Resources for Families

Coronavirus can be confusing and stressful for people with intellectual and developmental disabilities. You must presume competence that they will understand that there is a big problem and they need to help protect themselves. Hiding your concerns from them may produce increased anxiety as they are perceptive enough to feel their parents’ stress and will inevitably be significantly impacted by the changes in their routine.

Families need to get prepared immediately as the world is changing dramatically to respond to the crisis. It is critical that families understand how to protect their loved ones and themselves. Being informed and making clear plans will be the key to keeping your family safe. Here are some resources that may be helpful:

Disability Voices United and the California State Council on Developmental Disabilities have developed tip sheets to support your loved one on vaccination day. Find the tip sheets on this page.

The CDC has a list of recommendations to “Get Your Home Ready.”

California Department of Public Health has issued guidance on public gatherings and social distancing.

The State Council on Developmental Disabilities has a FAQ on coronavirus for the families of people with developmental disabilities.

American Academy of Pediatrics has recommendations for protecting children from Coronavirus.

The WITH Foundation has an interview with Dr. Clarissa Kripke of the San Francisco Office of Developmental Primary Care about COVID-19 and people with disabilities.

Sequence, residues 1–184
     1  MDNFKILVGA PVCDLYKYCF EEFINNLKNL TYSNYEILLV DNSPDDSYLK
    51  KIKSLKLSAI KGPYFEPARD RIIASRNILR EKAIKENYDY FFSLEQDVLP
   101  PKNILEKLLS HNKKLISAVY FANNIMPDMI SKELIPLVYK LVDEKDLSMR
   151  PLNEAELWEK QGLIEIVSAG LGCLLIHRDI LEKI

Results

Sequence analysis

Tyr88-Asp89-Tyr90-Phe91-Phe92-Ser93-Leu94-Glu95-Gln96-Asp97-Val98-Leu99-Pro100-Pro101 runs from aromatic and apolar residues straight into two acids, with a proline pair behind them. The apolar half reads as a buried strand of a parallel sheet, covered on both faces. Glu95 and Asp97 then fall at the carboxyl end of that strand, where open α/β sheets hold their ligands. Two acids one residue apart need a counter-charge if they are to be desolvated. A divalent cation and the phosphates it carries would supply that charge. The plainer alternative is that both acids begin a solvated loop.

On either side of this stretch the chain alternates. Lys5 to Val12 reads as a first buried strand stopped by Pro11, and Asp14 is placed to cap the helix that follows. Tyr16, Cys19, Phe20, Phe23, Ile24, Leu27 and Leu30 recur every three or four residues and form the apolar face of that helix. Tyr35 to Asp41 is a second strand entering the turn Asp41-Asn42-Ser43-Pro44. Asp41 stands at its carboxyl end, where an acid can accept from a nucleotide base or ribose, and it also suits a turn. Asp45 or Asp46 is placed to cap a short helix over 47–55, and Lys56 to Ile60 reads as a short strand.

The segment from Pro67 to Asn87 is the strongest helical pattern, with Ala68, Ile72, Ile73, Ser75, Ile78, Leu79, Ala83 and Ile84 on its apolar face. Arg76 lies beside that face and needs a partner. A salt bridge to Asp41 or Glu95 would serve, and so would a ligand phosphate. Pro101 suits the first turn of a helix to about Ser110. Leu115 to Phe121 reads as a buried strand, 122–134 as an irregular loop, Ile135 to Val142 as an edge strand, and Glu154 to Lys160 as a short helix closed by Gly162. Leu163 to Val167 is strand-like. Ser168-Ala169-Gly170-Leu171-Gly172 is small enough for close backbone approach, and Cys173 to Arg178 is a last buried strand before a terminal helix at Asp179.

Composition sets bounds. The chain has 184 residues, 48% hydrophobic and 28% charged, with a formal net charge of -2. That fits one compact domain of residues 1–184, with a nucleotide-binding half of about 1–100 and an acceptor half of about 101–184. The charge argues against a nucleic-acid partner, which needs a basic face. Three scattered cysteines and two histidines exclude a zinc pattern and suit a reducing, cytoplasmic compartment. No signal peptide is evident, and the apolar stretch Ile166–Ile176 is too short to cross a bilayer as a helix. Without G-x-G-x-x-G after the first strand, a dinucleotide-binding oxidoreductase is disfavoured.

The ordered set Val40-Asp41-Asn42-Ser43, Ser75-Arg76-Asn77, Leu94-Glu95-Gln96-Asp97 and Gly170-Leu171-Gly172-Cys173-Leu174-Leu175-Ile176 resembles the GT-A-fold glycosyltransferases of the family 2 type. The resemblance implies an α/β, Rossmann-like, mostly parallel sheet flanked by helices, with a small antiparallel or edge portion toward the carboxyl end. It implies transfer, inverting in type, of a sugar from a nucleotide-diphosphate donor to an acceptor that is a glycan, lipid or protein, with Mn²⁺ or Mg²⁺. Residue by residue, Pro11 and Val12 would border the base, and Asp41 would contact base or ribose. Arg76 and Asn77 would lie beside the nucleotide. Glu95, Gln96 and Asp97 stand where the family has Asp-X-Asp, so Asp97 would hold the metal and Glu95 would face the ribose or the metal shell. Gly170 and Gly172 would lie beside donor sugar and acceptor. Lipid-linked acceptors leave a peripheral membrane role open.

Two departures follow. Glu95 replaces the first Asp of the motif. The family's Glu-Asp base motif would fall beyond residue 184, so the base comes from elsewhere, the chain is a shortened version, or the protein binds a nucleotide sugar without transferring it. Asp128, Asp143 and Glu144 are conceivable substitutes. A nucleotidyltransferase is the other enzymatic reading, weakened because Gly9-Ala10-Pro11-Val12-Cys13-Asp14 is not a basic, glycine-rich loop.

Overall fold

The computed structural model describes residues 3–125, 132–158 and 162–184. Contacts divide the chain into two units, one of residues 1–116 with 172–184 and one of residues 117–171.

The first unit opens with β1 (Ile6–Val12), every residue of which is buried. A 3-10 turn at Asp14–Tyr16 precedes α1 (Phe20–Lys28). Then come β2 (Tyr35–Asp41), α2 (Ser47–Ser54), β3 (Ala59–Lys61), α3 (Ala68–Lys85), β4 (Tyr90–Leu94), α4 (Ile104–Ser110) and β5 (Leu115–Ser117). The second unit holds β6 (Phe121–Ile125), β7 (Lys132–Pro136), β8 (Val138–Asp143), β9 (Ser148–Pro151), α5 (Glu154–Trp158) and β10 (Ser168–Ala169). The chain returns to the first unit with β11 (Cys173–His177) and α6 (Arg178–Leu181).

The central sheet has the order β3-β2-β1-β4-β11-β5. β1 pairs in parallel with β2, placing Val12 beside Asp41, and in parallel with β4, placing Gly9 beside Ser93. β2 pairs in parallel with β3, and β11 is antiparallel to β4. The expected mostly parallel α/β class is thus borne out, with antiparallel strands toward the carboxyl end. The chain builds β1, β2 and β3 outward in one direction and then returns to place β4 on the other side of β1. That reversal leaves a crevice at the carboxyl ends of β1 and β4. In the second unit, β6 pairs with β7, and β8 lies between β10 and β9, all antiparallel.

The California Health and Human Services Agency has developed a Personal Emergency Plan form where you can provide emergency contact, health, and medication information.

A Day in Our Shoes website developed a Disability Quarantine Printable Checklist.

The Down Syndrome Center of Western Pennsylvania created a podcast with a doctor about the risks from Coronavirus for people with Down syndrome.

This is a good article explaining physical distancing versus social distancing.

Another article explains how social distancing can create problems with mental health.

Disability Voices United has developed a video on making a quick fabric mask out of a bandanna and hair ties:

The Health and Human Services agency of the State of California has issued a letter stating people with physical, intellectual, and developmental disabilities can bring 1 supporter in to the hospital during this time period:

The presence of a support person is essential to patients with physical, intellectual, and/or developmental disabilities and patients with cognitive impairments. CDPH recommends that one support person be allowed to be present with the patient when medically necessary.

For hospitalized patients, especially with prolonged hospitalization, the patient or family/patient representative may designate two support people, but only one support person may be present at a time. 

All support persons must stay in the room and be asymptomatic for COVID-19 and not be a suspected or recently confirmed case. Support persons may be screened prior to entering the clinical areas. Support persons must comply with any health facility instructions on personal protective equipment.”

Health and Human Services AllFacilities Letter

The State of New York has issued guidance allowing people with intellectual and/or developmental disabilities to have one support person at a time in the emergency room or hospital room with them.

If you live in Los Angeles and are having trouble paying rent, have lost your job, or if you’re not safe, LA Represents wants to help. They are working to connect Los Angelenos with free legal assistance.

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